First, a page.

Why I use GitHub (or Bitbucket) at every chance, and why you should too

When I work on projects that don’t have GitHub or Bitbucket, I really miss it. It is the little things they do that speed things along and get me access to what I need in a way that looks visually pleasing.



This is not meant to offend, but for me GitHub and Bitbucket are pretty much the same thing. BitBucket originally attracted me due to its free private repos. All the work I do is under NDA, meaning it is confidential. The code is usually owned by whoever I’m working for, so privacy really matters. In the course of my work I’ve used both GitHub and Bitbucket extensively. For my purposes I really can’t distinguish between them. Others have tried recently. It seems to come down to nuances between open source vs enterprise development. That aside, I’ll just call the pair GitHub from now on so I don’t have to repeat myself.

5-speed manual vs automatic:

The difference between a project with and without GitHub, is sort of like owning a car with a automatic transmission vs a 5 speed manual.

I used to own an old BMW 3 series with a 5-speed (technically an E30). It had 3 floor pedals, the extra being the clutch for shifting gears. That car was a blast to drive! It had a tachometer in the dash too. I remember always being impressed that in 5th gear the speedometer and the tachometer were parallel. Pretty cool design and engineering philosophy by BMW. I just loved the way it responded, even though it had 180k miles when I bought it. Yeah it was expensive to maintain, but I was infatuated.

Sadly, this is less common today, but I also learned to drive on a manual. Just after my sixteenth birthday I took my drivers test with a 5-speed Corolla. During the test I conked it out twice but still passed by one point.

That is the good and bad about the manual: it is more work, can be slower to shift and fatiguing to drive, but in the right hands, when you down shift and punch it out of a corner there is nothing like it! It does just what you expect it to do at all times.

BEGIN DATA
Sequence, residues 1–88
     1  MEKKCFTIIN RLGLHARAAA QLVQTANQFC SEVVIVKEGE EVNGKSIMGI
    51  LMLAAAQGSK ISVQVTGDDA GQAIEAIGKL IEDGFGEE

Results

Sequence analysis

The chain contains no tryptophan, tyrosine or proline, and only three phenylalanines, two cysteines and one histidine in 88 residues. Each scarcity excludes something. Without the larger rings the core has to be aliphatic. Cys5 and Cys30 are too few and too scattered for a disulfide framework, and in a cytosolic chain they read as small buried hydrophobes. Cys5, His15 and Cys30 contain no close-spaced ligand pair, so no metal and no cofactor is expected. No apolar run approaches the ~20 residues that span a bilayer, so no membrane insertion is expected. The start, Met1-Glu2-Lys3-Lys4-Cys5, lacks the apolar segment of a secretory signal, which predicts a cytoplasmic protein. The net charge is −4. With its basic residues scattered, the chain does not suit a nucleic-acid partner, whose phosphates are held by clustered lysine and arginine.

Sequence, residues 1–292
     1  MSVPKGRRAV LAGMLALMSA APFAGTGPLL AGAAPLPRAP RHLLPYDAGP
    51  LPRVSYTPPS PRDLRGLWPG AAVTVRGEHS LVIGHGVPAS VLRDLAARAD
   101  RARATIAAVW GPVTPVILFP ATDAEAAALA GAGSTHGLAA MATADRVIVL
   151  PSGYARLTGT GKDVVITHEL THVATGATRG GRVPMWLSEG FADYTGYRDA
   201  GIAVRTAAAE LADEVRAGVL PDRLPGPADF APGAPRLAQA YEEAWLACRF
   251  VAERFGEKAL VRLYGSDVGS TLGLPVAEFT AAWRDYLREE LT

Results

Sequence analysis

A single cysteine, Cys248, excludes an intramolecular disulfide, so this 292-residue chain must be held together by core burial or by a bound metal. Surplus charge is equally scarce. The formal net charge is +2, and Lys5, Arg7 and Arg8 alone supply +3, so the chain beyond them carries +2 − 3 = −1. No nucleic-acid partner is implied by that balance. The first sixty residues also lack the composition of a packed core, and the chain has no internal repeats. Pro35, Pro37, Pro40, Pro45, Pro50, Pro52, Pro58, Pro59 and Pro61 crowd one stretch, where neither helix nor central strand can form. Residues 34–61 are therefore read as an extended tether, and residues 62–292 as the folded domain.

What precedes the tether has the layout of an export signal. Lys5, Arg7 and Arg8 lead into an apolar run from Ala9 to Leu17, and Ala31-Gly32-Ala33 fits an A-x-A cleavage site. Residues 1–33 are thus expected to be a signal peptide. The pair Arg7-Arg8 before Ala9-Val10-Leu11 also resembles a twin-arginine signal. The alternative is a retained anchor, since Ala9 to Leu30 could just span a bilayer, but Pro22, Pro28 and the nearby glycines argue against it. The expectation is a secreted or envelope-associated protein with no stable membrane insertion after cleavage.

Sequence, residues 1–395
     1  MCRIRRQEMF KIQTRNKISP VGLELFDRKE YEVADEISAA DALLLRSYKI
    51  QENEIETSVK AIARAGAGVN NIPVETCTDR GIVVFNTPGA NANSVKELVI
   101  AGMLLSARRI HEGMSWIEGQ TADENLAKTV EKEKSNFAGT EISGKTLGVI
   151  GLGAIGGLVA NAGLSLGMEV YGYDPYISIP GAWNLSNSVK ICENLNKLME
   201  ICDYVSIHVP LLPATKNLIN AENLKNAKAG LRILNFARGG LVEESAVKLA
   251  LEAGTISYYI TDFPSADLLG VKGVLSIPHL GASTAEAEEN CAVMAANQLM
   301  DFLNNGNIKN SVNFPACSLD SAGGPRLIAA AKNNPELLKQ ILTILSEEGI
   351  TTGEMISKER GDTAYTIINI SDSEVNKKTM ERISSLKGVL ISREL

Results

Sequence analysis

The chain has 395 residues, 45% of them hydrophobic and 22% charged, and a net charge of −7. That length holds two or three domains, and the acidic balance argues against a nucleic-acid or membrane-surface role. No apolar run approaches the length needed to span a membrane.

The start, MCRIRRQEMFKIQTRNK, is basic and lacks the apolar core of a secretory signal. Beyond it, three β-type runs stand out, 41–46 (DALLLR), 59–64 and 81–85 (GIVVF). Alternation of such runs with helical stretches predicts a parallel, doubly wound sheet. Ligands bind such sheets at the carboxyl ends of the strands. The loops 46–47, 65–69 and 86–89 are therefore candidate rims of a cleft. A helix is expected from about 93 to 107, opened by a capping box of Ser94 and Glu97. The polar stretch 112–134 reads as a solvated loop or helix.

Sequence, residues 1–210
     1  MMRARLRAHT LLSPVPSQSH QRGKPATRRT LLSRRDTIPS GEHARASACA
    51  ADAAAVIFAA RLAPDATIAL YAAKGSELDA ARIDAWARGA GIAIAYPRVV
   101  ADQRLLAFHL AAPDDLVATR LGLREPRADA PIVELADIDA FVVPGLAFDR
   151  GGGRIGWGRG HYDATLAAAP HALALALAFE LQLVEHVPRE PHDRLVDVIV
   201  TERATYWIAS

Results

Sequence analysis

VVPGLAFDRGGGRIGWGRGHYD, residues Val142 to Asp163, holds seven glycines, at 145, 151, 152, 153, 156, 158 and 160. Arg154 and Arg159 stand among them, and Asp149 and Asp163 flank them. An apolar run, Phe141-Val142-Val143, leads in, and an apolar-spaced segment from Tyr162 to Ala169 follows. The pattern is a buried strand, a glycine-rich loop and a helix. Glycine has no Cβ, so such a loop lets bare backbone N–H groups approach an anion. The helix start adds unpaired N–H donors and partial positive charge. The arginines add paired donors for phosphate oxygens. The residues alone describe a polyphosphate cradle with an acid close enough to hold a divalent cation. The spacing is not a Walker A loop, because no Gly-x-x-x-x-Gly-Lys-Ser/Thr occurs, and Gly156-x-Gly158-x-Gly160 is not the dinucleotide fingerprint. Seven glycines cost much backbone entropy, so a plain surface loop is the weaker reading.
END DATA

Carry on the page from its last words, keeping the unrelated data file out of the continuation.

The enjoyment of shifting gears:

When it comes source control, git command line is my sporty 5-speed manual. I use git exclusively on the command line. I know my limits (by no means am I a git guru), but I get the job done day in and day out. It brings satisfaction in the familiar routine of going through the gears (pull, commit, push and the occasional merge/rebase). Everybody I know who can switch to git already has.

Sorry Subversion:

I suppose SVN is now the equivalent of an old rust bucket with a 3-speed on the column without a synchro (double clutch to get back into first). Sorry SVN, you were a trusty pal back in the day.

The ease of driving an automatic:

Using GitHub on top of git is what I consider an ‘automatic’. It does a lot of nice stuff intuitively that I don’t have to work at or think about to much.

My main use of GitHub is the web interface for browsing the repo. I love being able to compare branches, look at commits, study code, go back in time, make inline comments, etc, etc. The coloring of the output is very clear as to what is new code, what was removed, and which lines were changed. I will often have a handful of GitHub tabs open at once to get caught up on recent commits. Reading code recently committed by your team members is a good habit, even if not required by management.

To that point, fixing a bug correctly (without breaking something else) almost always involves determining its origins. With GitHub it is very handy to be able to literally ‘click’ into the past and search for keywords at a certain point, and then correlate those changes to commit messages. Then you know who to take the nerf bat to.

I have tried desktop GUI tools on Ubuntu and Windows for browsing repo history. They all come up way short and remind me of Windows 3.1 programs. The command line can be used for looking at recent changes and even code archaeology, but in practice it becomes too much to wade through.

Managing pull requests in GitHub is really nice too. It will even warn you if there is a merge conflict in advance. The built in wiki’s are nice. The Readme.md markdown formatting is nice.

A project run through GitHub (or BitBucket) makes my work day easier, makes collaboration easier, and helps me feel like I’m right there with the rest of the team when I’m working remotely.

With git command line and GitHub, we get the best of both worlds. The pleasure of the 5-speed (git cli), and the convenience of the automatic (GitHub). Okay it’s not a perfect analogy…

Some alternatives for the DIY project:

Don’t want to tie yourself to GitHub or BitBucket? I don’t blame you. There are many business cases for keeping code on servers you and only you control.

These projects are web based repo browsers that work similar to GitHub:

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